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What Makes Innovators Impactful?

Impact: The New Rules of Innovation

As a world, a nation, an industry, a business and as individuals we have all been deeply affected by the pandemic that has swept through our lives.  Years from now, we’ll all be talking about how it changed our lives and how it disrupted businesses forever … insurance being one of them.

Of course, there are many insurance implications arising from it because it has and will bring so many levels of change, short-term, mid-term and long-term.  We have a webinar on April 30, 2020 titled, “The Future of Insurance Post-COVID-19: Insights, Learnings & Recommended Actions from Top 50 InsurTech Influencers”, where myself and three of my Top 50 InsurTech Influencer peers – Chris Cheatham, Sabine Vanderlinden and Mike Conner will share and discuss our views – with a short-term, mid-term and long-term view.

One of those implications at the top of the list will be a corporate self-assessment and an industry assessment of how we need to adapt to a “new normal” that is still unfolding.

Out of previous crises, including 9-11 and the 2008 financial meltdown, some insurers began to make some operational and technology changes. But these were not enough to fully address shifting customer needs and expectations or to achieve the digitization of insurance through the entire life-cycle.  In contrast, others (including some InsurTechs) did make significant changes by introducing new products, customer experiences and business models that are adaptable to significant market shifts.  Regardless, the industry and every insurer must learn and be prepared for future crises, because they will come.

Key questions to ask include:  Will we have maintained high levels of service to customers? Did they get the customer experience they demanded and needed?  Were insurers ready for WFH business operations? How rapidly could they change business systems for underwriting, billing and claims?  These are the conversations we need to have because this layer of disruption is highly relevant to each insurer’s state of transformation and innovation preparedness. Will random unpredictable events be the next driver of strategic change? Will platform systems, now necessary for insurance agility and flexibility, become Burning Platforms for insurance leaders?

Innovating for the Unexpected — AM Best’s Visionary Criteria for Insurers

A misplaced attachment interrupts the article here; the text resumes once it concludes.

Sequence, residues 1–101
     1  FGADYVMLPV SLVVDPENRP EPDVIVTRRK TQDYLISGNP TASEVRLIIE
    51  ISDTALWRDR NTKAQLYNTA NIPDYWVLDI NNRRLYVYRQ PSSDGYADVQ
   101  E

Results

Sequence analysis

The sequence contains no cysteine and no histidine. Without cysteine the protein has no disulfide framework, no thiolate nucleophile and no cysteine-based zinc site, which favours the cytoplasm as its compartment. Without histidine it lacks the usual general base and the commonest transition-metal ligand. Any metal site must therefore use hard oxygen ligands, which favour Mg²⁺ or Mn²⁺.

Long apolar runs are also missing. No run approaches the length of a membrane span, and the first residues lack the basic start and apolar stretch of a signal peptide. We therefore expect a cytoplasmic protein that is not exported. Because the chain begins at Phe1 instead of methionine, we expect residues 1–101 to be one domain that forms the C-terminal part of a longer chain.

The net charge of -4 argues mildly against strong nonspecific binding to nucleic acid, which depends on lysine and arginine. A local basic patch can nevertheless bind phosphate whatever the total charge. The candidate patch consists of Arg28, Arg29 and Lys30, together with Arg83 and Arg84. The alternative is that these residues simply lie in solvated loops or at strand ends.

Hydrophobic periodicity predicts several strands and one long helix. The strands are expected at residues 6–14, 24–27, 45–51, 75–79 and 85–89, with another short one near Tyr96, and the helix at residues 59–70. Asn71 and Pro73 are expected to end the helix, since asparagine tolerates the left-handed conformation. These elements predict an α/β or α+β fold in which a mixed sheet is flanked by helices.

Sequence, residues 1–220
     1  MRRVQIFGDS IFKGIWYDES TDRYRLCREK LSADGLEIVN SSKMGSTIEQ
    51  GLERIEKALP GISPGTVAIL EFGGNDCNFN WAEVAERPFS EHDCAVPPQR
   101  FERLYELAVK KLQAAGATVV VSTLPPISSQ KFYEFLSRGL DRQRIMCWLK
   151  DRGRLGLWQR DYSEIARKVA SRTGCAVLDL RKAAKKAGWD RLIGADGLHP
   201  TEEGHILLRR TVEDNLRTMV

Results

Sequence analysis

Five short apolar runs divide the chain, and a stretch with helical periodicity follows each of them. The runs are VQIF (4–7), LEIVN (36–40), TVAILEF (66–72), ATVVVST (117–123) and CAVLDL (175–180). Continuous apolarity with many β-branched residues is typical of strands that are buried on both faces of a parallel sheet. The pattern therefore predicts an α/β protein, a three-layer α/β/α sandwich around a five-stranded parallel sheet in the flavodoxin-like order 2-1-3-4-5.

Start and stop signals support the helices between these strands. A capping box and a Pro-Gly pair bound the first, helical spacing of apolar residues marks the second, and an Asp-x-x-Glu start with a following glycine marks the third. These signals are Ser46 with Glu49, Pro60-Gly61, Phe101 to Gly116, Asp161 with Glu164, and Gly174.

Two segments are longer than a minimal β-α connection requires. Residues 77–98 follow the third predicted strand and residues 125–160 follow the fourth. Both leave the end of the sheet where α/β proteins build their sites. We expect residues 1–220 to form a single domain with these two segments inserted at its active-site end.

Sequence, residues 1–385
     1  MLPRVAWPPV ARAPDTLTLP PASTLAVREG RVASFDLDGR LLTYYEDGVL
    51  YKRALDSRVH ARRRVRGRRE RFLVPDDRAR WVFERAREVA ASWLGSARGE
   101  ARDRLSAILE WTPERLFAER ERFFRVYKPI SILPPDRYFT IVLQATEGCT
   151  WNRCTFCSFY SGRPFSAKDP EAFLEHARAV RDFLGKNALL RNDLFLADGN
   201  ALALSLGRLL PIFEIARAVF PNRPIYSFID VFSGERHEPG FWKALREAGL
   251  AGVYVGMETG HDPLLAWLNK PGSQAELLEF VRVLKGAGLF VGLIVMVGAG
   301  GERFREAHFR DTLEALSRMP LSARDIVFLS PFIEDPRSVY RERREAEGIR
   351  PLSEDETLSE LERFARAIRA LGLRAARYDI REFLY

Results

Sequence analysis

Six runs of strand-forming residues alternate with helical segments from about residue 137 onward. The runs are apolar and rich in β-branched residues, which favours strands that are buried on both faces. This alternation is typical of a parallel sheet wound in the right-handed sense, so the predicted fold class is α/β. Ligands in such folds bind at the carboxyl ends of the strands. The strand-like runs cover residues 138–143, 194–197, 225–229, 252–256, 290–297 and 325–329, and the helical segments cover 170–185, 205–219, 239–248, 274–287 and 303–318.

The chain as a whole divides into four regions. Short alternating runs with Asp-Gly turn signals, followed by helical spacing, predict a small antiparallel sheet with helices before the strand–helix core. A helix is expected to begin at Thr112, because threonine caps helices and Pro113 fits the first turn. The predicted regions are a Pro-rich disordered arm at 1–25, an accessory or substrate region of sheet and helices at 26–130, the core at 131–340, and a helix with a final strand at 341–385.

In the midst of all of this, A.M. Best, one of our industry’s most trusted rating organizations, has been watching all of the other disruptive shifts over the last number of years with great interest, in an effort to understand and encourage insurers in their transformation and innovation initiatives. On March 20, 2020, A.M. Best released preliminary findings from innovation rating tests in its Special Report: The Advent of Innovation.

Most anyone would agree that innovation and disruption are related topics. Innovation deals with creating an entirely new approach that adds value to something. Disruption deals with accepting the reality that something new will likely change our current approach. Today’s insurance systems need both the capability to capitalize on innovation and the adaptability to weather disruption. For the past several years, insurers and insurance technology experts, such as Majesco, have been championing the development of platforms and the use of ecosystems that manage both innovation and disruption efficiently. Jim Gillard, Executive Vice President & COO, AMBest, sums this up succinctly.

“Structural shifts — demographic, technological, economic and environmental — are redefining the insurance industry,” said Jim. “Innovation can be away for an insurer to rise above these challenges…As innovation becomes more pervasive, insurers that don’t innovate can expect to find themselves at a disadvantage through adverse selection and worsening operating efficiencies.”[i]

This assertion certainly rings true with most insurers, whether they are on the road to innovation or not. A.M. Best believed that the importance of innovation would be best viewed through measurable criteria, so that real innovation knowledge could use performance indicators as evidence. A.M. Best’s criteria are outlined in its new report.

While most insurers might ask themselves the question, “Have our investments in innovation really paid off?” A.M. Best’s criteria seem to ask a similar question that’s more rhetorical — “Is innovation anything at all if it doesn’t make an impact?”

Spoiler alert! What A.M. Best found through its test surveys, interviews, criteria and analysis was far more important than just the answer to these questions. They found some critical links between “method” of innovation and innovation impact and they found preliminary evidence that the most innovative insurers are already some of the most highly rated insurers.

What Makes Innovators Impactful?

Among many of the highlights from the A.M. Best report, we find that innovators share at least three key elements:

  1. A culture of innovation.
  2. A “material portion of the annual budget” is dedicated to constructing replicable innovation initiatives. Most often this utilizes some outside resources.
  3. Analysis/recording of innovation’s impact. Measurable results.

In their segmentation of insurers (Leader, Prominent, Significant, Moderate, and Minimal) A.M. Best recognized that Leaders proactively constructed the whole company culture, from the leadership through to management, to not only accept innovation — but to make innovation a documented repeatable process instead of an ad hoc process.

Majesco’s research findings echo these A.M. Best reports. In our 2019 Strategic Priorities report, we found that insurance companies are widely varied in their responses to change and disruption as either Leaders, Followers or Laggards.

On one end of the spectrum are the Leaders that have a burning platform and are forward-thinking. They understand the intersection of customer, technology and market boundary shifts and are blazing new trails to the future with their incubators, hackathons and InsurTech investments and partnerships. They are moving the industry forward and they are building their future with new products, services, business models, digital capabilities and ecosystems that will sustain them as the future rapidly unfolds with new competitors, new customers and new market opportunities.